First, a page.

In certain circumstances the Kiss of Peace can be given using a Paxbrede, and, using this, at Missa Cantata and Low Mass: again, the Pax is conveyed to the Paxbrede from the Altar, by a kiss. The use of the Paxbrede in the Extraordinary Form today is explained in more detail in the Appendix to this paper.

        The practice of the Extraordinary Form contrasts somewhat with the ‘Sign of Peace’, most commonly an exchange of handshakes,[5] found in the Ordinary Form, before the Agnus Dei. This paper aims to provide an explanation and rationale of the practice of the Extraordinary Form.[6]

The Historical Development of the Pax

5         While the Pax is deeply rooted in the Latin liturgical tradition,[7] its history is a complex one, and only a rough outline can be attempted here.[8] Justin Martyr notes an exchange of kisses as the conclusion of the service of prayers and readings.[9]

             Later, it is found in Gallican Rites before the Offertory. Pseudo-Germanus comments:
They offer to one other the Peace of Christ in such a way that by a mutual kiss they may maintain the affection of love for one another.[10]
This seems naturally suggested by Matthew 5:23f.[11]

       In the African and Roman liturgies, however, it is found immediately before the Communion Rites,[12] a location recommended by Pope St Innocent I in a letter of the year 416:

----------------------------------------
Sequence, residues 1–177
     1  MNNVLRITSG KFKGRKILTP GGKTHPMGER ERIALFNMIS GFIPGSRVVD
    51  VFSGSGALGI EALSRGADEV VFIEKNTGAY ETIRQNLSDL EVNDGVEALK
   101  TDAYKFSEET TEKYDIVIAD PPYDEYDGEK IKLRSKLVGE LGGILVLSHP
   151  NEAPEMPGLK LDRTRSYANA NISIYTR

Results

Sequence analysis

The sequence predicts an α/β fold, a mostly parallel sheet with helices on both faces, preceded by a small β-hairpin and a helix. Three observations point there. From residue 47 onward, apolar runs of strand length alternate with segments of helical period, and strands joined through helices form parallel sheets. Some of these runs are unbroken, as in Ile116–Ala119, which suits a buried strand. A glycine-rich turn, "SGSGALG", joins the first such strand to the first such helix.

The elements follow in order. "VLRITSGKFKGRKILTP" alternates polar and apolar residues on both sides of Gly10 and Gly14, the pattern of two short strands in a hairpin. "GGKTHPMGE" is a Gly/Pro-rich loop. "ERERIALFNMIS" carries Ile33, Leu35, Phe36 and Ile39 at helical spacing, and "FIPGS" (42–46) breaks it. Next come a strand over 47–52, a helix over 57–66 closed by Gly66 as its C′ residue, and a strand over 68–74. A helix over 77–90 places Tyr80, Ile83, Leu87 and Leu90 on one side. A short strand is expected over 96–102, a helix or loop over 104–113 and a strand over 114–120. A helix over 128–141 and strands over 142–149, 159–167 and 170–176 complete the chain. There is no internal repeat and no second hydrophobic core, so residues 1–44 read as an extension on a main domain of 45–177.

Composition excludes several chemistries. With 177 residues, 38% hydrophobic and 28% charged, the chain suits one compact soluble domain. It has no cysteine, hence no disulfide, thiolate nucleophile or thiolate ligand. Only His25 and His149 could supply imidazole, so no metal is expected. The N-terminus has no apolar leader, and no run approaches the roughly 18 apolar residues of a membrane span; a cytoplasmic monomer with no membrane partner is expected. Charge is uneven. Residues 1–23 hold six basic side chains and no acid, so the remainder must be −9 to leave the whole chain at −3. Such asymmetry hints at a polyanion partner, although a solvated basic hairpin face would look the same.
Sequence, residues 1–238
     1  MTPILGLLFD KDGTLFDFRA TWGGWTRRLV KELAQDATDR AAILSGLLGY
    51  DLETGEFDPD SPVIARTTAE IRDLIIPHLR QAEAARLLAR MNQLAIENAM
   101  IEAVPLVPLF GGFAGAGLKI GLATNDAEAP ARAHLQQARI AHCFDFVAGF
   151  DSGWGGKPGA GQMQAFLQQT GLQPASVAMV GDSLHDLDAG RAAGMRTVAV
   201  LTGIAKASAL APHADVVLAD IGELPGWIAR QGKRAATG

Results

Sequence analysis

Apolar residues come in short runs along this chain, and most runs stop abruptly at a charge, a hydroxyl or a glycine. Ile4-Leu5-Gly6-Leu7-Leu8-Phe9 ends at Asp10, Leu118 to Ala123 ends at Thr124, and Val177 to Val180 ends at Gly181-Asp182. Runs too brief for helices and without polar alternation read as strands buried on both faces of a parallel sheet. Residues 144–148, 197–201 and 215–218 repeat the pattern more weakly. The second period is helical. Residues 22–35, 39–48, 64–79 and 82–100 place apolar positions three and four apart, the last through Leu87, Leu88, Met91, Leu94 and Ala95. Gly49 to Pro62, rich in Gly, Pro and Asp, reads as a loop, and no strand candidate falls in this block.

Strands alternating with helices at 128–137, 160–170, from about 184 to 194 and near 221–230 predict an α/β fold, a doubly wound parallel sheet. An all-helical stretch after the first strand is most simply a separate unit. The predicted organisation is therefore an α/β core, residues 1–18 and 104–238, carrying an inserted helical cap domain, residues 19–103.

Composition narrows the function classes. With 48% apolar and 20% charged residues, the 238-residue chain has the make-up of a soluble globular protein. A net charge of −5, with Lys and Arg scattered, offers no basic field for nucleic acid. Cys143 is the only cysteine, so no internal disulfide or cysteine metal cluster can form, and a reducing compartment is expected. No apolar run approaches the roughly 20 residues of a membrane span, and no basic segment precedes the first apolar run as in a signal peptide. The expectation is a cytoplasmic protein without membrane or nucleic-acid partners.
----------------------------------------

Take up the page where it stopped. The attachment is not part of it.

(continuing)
By the peace it is clear that the people give their consent to all that has been done in the mysteries celebrated in the church. The peace is the seal that shows that these mysteries have been accomplished.[13]

The Pater Noster coming before it, by the time of Pope Gregory the Great (d.604), suggests the mutual forgiveness enjoined in that prayer.[14] One may, therefore, regard the Roman practice as involving both the themes of a concluding ‘seal’ for the mysteries, similar to the Amen at the end of the Canon, and the mutual forgiveness emphasised in the Gallican tradition.

Over time the Pax developed from a simultaneous giving of the kiss between the ministers at the Altar and neighbours in the congregation,[15] to a more ceremonious practice in which the kiss is, as it were, passed from Our Lord Himself, in the Consecrated Host, or else represented by the Paten, the Altar, the Chalice, the Missal, or the Crucifix, or some combination of these, to the Sacred Ministers, and then to the Faithful, passing from one person to another. This adds an extra pertinence to the Pax taking place while the Agnus Dei is being sung, and after the Consecration: the effect is that the peace is radiating from the Lamb of God slain (as it were), upon the altar, not just because the Kiss begins there, but also because of the text and music which are simultaneous. As Joseph Jungmann expresses it: